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MIXING SRAM AND NVRAM

Applies to: C51 C Compiler

Answer


Information in this article applies to:


QUESTION

I am working on a project that has 32K of RAM and 32K of NV (non-volatile) RAM. How should I design my target to use both types of RAM?

ANSWER

There are many ways to do this effectively. The end results are typically the same: SRAM is used for run-time variables and NVRAM is used for configuration or calibration or historical data.

One way to implement your target is to design the hardware so that the SRAM is located from 0x0000-0x7FFF in the XDATA space and the NVRAM is located from 0x8000 to 0xFFFF in the XDATA space.

Configuring and Using the SRAM...

In the startup code (STARTUP.A51) you should change the XDATA length to 0x8000. This clears only the first 32K of XDATA (which is the SRAM). For example:

;  User-defined Power-On Initialization of Memory
;
;  With the following EQU statements the initialization of memory
;  at processor reset can be defined:
;
;               ; the absolute start-address of IDATA memory is always 0
IDATALEN        EQU     80H     ; the length of IDATA memory in bytes.
;
XDATASTART      EQU     0H      ; the absolute start-address of XDATA memory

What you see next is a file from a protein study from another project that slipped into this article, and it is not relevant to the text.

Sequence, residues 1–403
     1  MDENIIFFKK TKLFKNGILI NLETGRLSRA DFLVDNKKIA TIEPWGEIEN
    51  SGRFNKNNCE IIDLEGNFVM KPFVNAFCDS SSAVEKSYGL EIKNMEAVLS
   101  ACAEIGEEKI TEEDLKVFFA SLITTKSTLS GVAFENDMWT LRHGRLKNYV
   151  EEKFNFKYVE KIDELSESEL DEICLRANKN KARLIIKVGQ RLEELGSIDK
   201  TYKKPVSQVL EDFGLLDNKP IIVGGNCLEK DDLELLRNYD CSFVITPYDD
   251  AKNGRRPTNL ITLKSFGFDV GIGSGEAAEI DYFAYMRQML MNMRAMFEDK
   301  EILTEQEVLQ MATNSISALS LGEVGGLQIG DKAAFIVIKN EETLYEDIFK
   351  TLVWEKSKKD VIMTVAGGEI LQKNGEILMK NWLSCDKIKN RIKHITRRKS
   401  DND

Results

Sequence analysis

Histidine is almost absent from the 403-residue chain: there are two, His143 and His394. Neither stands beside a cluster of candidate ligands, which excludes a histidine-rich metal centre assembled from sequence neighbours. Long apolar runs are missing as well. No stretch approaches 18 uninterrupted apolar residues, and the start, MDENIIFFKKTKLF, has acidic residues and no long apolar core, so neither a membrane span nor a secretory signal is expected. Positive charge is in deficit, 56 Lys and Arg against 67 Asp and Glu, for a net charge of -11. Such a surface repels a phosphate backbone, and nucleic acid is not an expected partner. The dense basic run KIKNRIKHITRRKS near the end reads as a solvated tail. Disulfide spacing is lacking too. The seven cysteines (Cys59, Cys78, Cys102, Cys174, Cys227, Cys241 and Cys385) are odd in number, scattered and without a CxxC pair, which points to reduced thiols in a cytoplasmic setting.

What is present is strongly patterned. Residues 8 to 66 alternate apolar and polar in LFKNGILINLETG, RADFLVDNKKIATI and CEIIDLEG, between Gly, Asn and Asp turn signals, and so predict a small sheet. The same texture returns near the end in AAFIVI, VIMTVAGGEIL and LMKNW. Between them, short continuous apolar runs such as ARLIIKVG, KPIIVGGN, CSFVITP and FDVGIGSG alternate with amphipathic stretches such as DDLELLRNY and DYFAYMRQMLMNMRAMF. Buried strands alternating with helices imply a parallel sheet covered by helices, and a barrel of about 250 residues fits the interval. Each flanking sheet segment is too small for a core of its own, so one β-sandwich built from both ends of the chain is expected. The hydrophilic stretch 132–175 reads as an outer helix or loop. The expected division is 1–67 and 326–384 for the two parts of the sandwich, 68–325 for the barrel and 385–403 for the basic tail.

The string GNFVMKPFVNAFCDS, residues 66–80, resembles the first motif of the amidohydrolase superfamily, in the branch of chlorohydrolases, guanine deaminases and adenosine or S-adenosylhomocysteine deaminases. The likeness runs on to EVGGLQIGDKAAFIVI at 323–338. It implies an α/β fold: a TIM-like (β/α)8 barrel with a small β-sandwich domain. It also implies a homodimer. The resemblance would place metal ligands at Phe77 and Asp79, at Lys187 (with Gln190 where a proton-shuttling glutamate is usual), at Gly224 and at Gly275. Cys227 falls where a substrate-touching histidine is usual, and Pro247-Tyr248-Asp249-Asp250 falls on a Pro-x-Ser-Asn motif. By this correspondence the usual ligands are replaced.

XDATALEN        EQU     08000H  ; the length of XDATA memory in bytes.
;
PDATASTART      EQU     0H      ; the absolute start-address of PDATA memory
PDATALEN        EQU     0H      ; the length of PDATA memory in bytes.
;

If you use the linker from the command line, you should specify that the XDATA space is limited to 0x0000-0x8000. For example:

BL51 ... XDATA(0x0000-0x7FFF)

In the uVision2 IDE, you may simply specify that the RAM starts at 0x0000 and is 0x8000 bytes in length.

Any variables you locate in XDATA will be placed in the SRAM.

Configuring the NVRAM...

The NVRAM will reside in the XDATA space from 0x8000-0xFFFF. Depending on your use for the NVRAM, there are several ways you can allocate variables there.

One way is to use the XBYTE macro from the ABSACC.H header file to explicitly access this area as an array. For example,

XBYTE[0x8000] = 'A';   // Write an 'A' into NVRAM
var = XBYTE[0x8000];   // Read the 'A' from NVRAM

Another way to access the NVRAM is to create a file that holds all of your NVRAM variables. Declare these as XDATA variables. Then, locate the ?XD?filename segment starting at 0x8000 (using the linker). Whenever you access these variables, the NVRAM will be used.

A final way to access this memory is to declare XDATA variables AT and address. For example:

unsigned char xdata variable _at_ 0x8000;

All of these methods work similarly well.

There is one more thing to consider if you use the NVRAM as storage for configuration/calibration data and historical data. You should create a structure for your calibration data and /or a structure for your historical data. For example:

struct cal_data_st
  {
  int cal_a;
  int cal_b;
  int cal_c;
  .
  .
  .
  unsigned char checksum;
  };

Then, locate a copy of the struct (or an array of the struct for historical data) in the NVRAM. For example:

struct cal_data_st xdata cal_data _at_ 0x8000;

// or

struct hist_data_st xdata hist_data [100] _at_ 0x8100;

Then, when your program starts, verify the checksum of the calibration data to be sure it is valid.

MORE INFORMATION

Article last edited on: 2007-01-19 08:37:03

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